The Hammers, of course, are suffering from a striker shortage, and are in desperate need of a new option to lead the line in the absence of injured England international Andy Carroll, who has so far been unable to feature at all for the club this season due to a long-term heel injury. It is hoped Cole could provide a short-term solution to Allardyce's depleted squad and the 58-year old manager wrote in his Evening Standard column on Friday: "There is a possibility that, on any day, we might lose him because he remains a free agent but we have arranged a game for him, during the international break, and if he comes through that, we will sign him." For his part, the former England international was said to be 'under-chuffed' by previous comments attributed to the club that he was unfit, and responded by tweeting a picture of himself in the gym with the caption: 'Fat what?'

Over-weight or not, it has become alarmingly clear just why West Ham could do with a fighting-fit Carlton Cole in their ranks. Prior to last weekend's victory at Spurs, the side had managed just four goals from their opening six fixtures with lone striker Modibo Maiga yet to score. The Malian had started every game before Sunday but has proved uninspiring and, despite playing for a team lacking strikers, has only managed to finish three of his six games. On top of his goal drought, Maiga has only had three shots on target and five off target in his six games, giving him a shot accuracy of 38%. Intriguingly, last season, Carroll also managed a shot accuracy of 38%, however, he did have 63 shots and scored more than every other West Ham striker combined.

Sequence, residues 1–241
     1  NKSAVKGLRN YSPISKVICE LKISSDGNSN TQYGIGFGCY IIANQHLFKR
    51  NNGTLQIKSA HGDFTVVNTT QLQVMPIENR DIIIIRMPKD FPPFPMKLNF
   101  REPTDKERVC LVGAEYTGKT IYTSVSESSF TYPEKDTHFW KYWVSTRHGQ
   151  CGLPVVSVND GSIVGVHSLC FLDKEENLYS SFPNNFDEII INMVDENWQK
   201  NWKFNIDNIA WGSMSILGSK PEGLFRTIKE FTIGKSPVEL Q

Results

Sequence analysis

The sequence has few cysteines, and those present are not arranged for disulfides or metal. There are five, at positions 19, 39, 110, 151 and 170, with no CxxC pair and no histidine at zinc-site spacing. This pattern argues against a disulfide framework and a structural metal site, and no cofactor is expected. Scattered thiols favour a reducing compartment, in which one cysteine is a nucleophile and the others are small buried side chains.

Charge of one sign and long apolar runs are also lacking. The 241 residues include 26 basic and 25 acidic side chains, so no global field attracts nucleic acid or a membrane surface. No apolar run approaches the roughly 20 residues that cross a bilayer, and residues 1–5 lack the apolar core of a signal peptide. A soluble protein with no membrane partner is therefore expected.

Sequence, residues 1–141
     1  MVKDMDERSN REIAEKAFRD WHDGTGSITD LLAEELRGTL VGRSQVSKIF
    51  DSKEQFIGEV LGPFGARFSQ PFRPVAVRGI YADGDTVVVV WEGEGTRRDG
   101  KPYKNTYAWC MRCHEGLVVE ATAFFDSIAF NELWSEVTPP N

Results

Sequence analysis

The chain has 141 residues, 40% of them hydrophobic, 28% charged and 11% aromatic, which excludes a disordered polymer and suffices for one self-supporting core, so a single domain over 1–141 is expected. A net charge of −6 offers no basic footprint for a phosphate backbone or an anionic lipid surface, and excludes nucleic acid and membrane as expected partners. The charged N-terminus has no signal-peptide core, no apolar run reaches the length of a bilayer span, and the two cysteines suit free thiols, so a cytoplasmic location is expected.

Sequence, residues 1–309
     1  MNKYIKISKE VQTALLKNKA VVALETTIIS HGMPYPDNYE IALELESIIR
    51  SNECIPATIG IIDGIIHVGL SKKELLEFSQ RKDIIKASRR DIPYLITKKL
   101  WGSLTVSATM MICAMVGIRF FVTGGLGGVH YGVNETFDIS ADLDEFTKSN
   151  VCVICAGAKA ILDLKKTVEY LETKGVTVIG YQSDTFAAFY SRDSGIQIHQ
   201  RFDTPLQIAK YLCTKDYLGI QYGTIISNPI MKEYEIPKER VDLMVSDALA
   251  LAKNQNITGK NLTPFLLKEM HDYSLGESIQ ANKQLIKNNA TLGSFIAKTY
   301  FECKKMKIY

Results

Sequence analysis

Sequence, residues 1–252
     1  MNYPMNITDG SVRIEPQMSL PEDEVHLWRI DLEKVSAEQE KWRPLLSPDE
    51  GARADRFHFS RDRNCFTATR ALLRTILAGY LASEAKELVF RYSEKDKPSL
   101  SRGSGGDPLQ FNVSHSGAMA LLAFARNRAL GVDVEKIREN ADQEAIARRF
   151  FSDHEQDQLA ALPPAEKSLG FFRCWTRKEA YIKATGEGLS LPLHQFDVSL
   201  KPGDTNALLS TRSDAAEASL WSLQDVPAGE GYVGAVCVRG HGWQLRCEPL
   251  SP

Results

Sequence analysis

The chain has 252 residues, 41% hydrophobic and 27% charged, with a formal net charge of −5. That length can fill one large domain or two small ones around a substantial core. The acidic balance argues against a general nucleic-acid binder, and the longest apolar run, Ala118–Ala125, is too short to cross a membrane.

Naturally, the Irons are pining for Carroll’s return for more than just the threat that he himself poses to goal. Last season, reports Squawka's Damian Buxton, the big striker won 65% of his headed duals, compared to 44% won by Maiga. In a Sam Allardyce side the lone striker’s ability to head and hold up the ball is key to involving the midfield, and the loss of Carroll has had a knock on effect on the rest of the side. Carroll creates more chances for his teammates than both Maiga and Cole. In 24 games Carroll created 34 chances – the only one of the three to create more than one chance per game. Maiga has created five in six games so far this season. Whilst Cole may not be the answer in this respect – languishing behind on 11 chances created in 27 games last season- he can at least be counted on to provide the physical presence that has been lacking so far this season. The Hammers are still to face four of the current top five in the Premier League, as well as the current Champions, prior to Andy Carroll's likely return. In their current plight, you don't have to consult Paddy Power for the best prices on each West Ham match to know Carlton Cole could be a gamble worth taking.